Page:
Watch Yellowstone tourists demonstrate how not to act near sparring bison

Pair of bison fighting in Yellowstone National Park
(Image credit: Getty)

A pair of hikers visiting Yellowstone National Park have been captured on camera demonstrating exactly how not to behave around a pair of angry bison.

There have been several high-profile bison attacks at Yellowstone over recent months, prompting a campaign advising members of the public not to pet the fluffy cows, but it seems the advice hasn't fully sunk in for all visitors.

As Yahoo News reports, Montana resident Cindy Shaffer captured a pair of tourists getting far too close to two animals sparring in the road. The footage, which you can watch below, shows a pair of people standing within a few feet of the bison and snapping pictures as the animals lock horns.

Luckily for the two tourists, the bison were focused on their fight and ignored them, but things could have turned out differently.

The American bison is the largest mammal in North America, with bulls standing up to 6.5ft tall at the shoulder, and weighing over 1,980lbs. Despite their bulk, they can stampede at speeds up to 40mph. In short, they are impressive animals to be respected and admired from a safe distance.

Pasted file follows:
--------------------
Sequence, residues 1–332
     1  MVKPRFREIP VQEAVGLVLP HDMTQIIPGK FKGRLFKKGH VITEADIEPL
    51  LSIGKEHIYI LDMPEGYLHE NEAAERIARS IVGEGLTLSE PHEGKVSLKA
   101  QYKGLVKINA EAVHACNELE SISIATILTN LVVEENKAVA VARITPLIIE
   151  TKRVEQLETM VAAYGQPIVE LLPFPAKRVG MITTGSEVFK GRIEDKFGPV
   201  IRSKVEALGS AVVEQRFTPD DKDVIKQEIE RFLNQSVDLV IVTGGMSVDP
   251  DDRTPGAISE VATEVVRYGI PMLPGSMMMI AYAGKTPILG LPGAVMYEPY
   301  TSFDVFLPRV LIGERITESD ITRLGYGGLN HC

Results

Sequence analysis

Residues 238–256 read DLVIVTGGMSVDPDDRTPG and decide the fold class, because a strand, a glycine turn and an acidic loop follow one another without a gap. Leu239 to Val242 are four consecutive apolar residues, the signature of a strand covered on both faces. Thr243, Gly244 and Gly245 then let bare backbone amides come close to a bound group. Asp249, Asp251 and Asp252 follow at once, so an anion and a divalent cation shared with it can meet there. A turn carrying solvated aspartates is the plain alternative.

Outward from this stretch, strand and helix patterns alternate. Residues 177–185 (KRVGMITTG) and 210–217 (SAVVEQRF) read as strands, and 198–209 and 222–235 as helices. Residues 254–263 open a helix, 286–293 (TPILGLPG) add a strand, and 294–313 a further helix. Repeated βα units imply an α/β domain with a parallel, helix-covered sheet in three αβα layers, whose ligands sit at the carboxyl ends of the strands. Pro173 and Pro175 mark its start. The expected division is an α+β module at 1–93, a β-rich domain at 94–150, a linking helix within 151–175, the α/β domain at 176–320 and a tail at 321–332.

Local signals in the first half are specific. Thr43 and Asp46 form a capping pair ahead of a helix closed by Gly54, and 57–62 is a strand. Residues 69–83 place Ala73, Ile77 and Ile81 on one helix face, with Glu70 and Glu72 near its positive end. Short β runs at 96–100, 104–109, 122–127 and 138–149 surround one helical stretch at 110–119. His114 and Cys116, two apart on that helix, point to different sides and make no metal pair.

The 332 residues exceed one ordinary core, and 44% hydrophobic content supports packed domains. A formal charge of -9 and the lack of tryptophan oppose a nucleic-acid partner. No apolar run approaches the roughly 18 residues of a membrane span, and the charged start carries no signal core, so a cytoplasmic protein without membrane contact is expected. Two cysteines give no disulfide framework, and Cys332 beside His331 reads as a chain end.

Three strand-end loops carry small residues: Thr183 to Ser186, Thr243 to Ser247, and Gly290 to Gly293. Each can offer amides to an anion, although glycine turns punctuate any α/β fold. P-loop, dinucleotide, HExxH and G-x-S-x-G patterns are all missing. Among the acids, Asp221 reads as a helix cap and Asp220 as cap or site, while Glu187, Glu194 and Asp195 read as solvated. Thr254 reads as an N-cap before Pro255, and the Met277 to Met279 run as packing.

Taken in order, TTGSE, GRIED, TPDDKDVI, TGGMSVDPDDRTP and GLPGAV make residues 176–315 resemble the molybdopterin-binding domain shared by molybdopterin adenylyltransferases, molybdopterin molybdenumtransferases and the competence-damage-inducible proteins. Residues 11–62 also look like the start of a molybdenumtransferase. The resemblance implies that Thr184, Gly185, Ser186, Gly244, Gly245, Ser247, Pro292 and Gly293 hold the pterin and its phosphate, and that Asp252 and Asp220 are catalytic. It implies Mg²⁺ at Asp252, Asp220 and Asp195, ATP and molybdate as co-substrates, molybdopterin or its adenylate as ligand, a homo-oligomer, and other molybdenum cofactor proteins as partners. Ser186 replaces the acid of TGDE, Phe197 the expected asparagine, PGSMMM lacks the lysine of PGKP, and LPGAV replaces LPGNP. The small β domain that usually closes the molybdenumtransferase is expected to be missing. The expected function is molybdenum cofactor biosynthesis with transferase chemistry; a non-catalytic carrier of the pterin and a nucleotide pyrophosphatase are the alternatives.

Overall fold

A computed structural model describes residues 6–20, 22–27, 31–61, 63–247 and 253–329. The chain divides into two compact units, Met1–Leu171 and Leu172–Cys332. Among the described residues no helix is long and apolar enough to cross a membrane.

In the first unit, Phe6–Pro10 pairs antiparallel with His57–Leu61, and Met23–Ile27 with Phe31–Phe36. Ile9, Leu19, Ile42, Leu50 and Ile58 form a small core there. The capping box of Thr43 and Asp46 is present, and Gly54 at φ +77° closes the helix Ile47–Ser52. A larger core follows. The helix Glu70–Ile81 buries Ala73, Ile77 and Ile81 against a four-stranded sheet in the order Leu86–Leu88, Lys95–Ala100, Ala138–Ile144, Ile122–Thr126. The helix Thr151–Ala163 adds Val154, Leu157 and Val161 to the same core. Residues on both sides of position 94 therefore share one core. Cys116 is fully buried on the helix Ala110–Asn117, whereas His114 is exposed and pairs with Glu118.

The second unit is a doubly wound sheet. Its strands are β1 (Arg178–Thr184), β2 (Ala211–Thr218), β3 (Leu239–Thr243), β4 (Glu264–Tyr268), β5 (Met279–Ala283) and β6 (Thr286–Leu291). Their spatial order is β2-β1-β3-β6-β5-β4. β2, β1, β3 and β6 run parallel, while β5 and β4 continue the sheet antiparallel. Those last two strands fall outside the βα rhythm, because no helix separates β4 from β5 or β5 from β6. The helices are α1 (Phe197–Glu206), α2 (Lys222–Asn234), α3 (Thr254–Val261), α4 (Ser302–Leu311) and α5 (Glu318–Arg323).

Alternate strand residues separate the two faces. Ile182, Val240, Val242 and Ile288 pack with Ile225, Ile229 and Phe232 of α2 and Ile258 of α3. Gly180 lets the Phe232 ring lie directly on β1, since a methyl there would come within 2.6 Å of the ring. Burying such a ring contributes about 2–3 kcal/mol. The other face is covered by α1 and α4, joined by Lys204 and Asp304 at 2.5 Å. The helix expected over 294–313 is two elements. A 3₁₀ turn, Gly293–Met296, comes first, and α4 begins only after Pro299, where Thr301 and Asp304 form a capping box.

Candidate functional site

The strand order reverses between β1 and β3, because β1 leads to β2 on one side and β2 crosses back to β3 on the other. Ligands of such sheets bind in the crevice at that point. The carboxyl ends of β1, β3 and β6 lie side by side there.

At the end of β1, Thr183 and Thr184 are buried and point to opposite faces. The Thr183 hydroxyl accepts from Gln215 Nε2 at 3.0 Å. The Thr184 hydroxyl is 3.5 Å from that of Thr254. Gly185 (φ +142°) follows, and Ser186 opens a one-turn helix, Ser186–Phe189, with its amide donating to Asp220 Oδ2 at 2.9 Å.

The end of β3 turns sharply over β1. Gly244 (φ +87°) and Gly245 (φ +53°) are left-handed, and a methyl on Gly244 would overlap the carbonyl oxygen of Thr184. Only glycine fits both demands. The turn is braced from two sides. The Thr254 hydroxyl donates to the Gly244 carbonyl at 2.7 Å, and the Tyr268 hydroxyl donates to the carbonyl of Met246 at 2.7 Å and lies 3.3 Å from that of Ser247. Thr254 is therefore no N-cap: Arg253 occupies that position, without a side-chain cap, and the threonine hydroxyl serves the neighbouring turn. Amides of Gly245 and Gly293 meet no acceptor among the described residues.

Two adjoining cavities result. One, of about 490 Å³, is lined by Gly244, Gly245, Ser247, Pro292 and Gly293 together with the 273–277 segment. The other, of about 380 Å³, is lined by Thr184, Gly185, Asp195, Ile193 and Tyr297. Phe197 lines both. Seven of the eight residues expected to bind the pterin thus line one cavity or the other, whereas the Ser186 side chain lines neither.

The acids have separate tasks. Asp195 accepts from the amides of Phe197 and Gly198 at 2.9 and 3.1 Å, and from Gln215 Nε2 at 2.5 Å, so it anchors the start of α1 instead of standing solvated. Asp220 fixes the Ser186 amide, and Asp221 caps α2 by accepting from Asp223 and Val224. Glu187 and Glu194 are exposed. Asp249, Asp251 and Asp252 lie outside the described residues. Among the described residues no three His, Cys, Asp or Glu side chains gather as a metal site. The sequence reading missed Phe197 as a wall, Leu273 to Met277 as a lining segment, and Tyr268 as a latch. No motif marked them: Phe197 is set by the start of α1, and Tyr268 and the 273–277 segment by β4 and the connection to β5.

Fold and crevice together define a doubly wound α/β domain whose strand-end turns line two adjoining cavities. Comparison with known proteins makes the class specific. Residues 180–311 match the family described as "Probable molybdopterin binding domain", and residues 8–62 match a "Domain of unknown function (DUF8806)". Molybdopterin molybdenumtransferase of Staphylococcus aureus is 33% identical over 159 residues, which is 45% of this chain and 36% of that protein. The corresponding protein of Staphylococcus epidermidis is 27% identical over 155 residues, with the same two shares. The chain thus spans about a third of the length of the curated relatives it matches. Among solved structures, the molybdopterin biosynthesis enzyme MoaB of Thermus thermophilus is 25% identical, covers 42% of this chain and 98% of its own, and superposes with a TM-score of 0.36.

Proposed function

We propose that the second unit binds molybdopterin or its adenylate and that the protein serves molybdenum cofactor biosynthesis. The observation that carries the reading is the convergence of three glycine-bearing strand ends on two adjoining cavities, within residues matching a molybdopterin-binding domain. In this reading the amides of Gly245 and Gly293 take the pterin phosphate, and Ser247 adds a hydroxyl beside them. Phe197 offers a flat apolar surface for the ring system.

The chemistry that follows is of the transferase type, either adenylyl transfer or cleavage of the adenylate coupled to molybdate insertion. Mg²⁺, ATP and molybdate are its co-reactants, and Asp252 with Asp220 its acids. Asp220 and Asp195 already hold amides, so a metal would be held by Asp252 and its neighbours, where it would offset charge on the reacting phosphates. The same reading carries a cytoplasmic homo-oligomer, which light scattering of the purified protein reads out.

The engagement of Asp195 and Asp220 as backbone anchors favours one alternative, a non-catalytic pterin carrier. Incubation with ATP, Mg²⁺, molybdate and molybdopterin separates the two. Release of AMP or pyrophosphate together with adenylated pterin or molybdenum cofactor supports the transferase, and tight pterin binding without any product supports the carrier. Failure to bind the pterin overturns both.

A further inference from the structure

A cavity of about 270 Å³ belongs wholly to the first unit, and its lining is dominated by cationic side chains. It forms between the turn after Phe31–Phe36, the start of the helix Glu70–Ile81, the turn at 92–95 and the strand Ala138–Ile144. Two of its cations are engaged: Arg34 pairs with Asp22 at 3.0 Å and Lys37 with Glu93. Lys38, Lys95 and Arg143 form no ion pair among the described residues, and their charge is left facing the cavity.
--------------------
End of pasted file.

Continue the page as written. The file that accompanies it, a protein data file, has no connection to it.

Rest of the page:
While not generally aggressive, bison can be unpredictable and sometimes charge people with little provocation, goring them with their horns and tossing them in the air. According to a 2019 study by Utah State University, American bison injure more people than any other wildlife in Yellowstone National Park, including grizzly bears.

To stay safe, it's recommended that you never get within 75ft of a bison when you're on foot. For more advice, see our guide how to avoid being gored by a bison.

Cat Ellis

Cat is the editor of Advnture, She’s been a journalist for 15 years, and was fitness and wellbeing editor on TechRadar before joining the Advnture team in 2022. She’s a UK Athletics qualified run leader, and in her spare time enjoys nothing more than lacing up her shoes and hitting the roads and trails (the muddier, the better), usually wearing at least two sports watches.